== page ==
The new Italian Prime Minister told the Financial Times that it was in Germany's "own enlightened self-interest" to help Italy and the other heavily indebted countries of the euro zone periphery to lower their borrowing costs.
Monti, a technocrat appointed to replace Silvio Berlusconi, praised Germany's "culture of stability" as "a precious German product [that] has been marvelously exported.”
The German lesson has been absorbed says Monti, not just by Italy but by Spain, Ireland and others. This leads to the money quote from the article:
“The more these [high debt] countries show to have concretely understood the imperatives of discipline … the more Germany should feel relaxed."
But, Monti implied, the demonstrable proof that deficit reduction programs are in place means that the German government needs to help out by overcoming its reluctance to let the European Central Bank help lower Italy's sky-high borrowing costs by purchasing more Italian bonds then it currently does.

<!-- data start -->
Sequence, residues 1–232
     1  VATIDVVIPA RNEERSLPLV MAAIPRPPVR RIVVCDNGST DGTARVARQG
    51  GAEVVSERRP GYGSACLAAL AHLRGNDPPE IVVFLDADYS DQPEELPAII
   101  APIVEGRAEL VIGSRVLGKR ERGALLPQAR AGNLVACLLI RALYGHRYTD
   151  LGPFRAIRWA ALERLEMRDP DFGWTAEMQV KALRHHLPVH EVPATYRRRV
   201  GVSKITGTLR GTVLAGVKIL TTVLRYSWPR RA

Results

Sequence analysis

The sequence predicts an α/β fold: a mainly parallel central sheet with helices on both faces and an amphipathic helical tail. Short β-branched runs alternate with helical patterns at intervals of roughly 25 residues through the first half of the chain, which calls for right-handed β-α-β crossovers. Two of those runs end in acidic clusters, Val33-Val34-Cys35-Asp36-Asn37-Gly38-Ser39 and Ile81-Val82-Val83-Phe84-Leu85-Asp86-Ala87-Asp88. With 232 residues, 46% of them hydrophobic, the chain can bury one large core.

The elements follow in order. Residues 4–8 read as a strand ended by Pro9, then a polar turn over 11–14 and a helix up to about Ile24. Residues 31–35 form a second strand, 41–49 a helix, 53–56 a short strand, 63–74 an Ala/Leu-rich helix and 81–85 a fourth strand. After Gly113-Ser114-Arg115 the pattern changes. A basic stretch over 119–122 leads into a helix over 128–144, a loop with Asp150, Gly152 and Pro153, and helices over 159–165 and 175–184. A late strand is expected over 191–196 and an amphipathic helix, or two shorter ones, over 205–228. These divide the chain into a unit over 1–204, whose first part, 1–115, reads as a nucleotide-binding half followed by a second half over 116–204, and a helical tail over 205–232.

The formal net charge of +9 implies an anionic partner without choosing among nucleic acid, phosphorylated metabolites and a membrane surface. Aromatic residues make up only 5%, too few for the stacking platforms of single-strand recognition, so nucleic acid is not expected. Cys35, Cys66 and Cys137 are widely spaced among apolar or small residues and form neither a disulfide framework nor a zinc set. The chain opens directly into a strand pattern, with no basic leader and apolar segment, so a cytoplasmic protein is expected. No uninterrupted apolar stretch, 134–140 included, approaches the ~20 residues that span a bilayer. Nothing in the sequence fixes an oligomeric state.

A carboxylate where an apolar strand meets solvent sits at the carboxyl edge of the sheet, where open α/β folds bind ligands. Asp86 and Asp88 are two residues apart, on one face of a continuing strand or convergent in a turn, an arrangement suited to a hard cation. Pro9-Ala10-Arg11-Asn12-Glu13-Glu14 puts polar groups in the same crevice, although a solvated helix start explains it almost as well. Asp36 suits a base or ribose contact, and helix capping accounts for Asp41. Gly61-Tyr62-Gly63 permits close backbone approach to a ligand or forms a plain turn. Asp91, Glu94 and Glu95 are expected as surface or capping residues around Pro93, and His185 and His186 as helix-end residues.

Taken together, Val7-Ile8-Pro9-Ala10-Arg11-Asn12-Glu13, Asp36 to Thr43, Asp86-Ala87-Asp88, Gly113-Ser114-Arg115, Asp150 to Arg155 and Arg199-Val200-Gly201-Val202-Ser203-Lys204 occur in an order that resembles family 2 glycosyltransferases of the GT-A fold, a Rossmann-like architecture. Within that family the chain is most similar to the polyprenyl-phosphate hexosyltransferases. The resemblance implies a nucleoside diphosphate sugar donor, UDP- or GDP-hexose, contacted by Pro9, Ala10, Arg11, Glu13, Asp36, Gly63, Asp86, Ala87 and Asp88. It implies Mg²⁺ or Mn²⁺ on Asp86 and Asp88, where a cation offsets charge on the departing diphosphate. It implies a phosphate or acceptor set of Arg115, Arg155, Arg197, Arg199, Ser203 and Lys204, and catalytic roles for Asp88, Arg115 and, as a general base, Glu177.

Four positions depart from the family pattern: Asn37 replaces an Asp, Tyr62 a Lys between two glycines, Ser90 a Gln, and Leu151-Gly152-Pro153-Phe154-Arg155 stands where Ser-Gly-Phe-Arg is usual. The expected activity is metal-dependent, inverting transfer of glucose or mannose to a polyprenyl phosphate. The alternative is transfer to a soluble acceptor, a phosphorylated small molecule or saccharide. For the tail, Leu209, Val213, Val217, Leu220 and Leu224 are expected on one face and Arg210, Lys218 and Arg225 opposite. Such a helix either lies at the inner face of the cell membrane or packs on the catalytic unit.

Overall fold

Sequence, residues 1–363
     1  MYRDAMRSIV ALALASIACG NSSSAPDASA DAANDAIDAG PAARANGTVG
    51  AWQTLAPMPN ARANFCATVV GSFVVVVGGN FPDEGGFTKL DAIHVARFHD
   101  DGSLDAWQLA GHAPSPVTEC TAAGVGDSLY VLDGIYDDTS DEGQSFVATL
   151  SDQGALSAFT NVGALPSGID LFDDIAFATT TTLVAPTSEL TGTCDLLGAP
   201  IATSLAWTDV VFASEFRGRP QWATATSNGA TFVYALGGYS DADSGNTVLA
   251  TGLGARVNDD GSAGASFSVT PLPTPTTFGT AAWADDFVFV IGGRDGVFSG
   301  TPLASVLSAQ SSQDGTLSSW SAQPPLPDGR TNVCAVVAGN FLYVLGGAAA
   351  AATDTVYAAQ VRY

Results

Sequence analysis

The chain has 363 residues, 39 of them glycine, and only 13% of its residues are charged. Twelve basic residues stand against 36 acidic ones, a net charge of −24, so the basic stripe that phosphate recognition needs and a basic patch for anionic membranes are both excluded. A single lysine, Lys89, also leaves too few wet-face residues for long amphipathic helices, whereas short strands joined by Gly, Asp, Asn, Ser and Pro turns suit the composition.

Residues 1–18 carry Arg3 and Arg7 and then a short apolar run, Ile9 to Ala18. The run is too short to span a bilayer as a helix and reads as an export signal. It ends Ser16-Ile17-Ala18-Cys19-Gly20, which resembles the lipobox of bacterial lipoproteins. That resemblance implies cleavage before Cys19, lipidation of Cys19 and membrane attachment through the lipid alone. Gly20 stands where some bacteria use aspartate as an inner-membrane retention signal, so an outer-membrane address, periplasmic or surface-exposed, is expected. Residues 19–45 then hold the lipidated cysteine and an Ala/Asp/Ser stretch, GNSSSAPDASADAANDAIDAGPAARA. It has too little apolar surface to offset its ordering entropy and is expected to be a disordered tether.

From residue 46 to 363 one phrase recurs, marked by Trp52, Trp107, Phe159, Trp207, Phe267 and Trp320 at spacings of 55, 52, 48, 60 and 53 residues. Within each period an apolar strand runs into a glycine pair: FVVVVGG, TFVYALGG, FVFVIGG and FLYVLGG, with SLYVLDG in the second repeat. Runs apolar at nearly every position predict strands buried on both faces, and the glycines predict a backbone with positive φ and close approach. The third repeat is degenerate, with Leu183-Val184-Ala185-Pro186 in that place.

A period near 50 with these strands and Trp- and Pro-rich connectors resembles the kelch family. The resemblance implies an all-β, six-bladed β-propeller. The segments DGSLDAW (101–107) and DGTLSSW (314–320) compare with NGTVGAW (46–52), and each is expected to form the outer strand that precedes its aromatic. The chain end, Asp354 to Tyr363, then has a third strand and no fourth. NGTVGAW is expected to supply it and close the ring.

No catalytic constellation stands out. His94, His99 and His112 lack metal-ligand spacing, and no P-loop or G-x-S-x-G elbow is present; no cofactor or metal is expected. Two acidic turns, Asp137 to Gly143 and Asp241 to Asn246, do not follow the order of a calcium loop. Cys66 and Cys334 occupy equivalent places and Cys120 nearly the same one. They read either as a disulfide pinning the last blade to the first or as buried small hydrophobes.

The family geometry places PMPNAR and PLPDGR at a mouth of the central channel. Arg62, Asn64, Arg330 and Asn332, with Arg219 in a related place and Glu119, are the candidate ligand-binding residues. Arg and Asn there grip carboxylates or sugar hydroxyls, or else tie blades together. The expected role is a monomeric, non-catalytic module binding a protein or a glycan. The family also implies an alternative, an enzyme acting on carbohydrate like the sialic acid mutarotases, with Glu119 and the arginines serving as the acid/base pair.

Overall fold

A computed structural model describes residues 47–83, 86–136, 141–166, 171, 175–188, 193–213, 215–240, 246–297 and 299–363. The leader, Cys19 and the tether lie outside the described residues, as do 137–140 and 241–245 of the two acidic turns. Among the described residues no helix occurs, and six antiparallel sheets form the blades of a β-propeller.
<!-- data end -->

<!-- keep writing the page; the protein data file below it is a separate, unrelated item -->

As I noted in a lengthy post last week, Mario Monti has good relations with German Chancellor Angela Merkel. So perhaps his words of warning expressed to his FT interrogators will carry weight in Berlin:
"If this strong movement towards discipline and stability is not recognized as taking place, and a certain approach to financial aspects does not gradually evolve (code for loosening the ECB's rules) then there will be a powerful backlash in the countries which are being submitted to a huge effort of discipline.”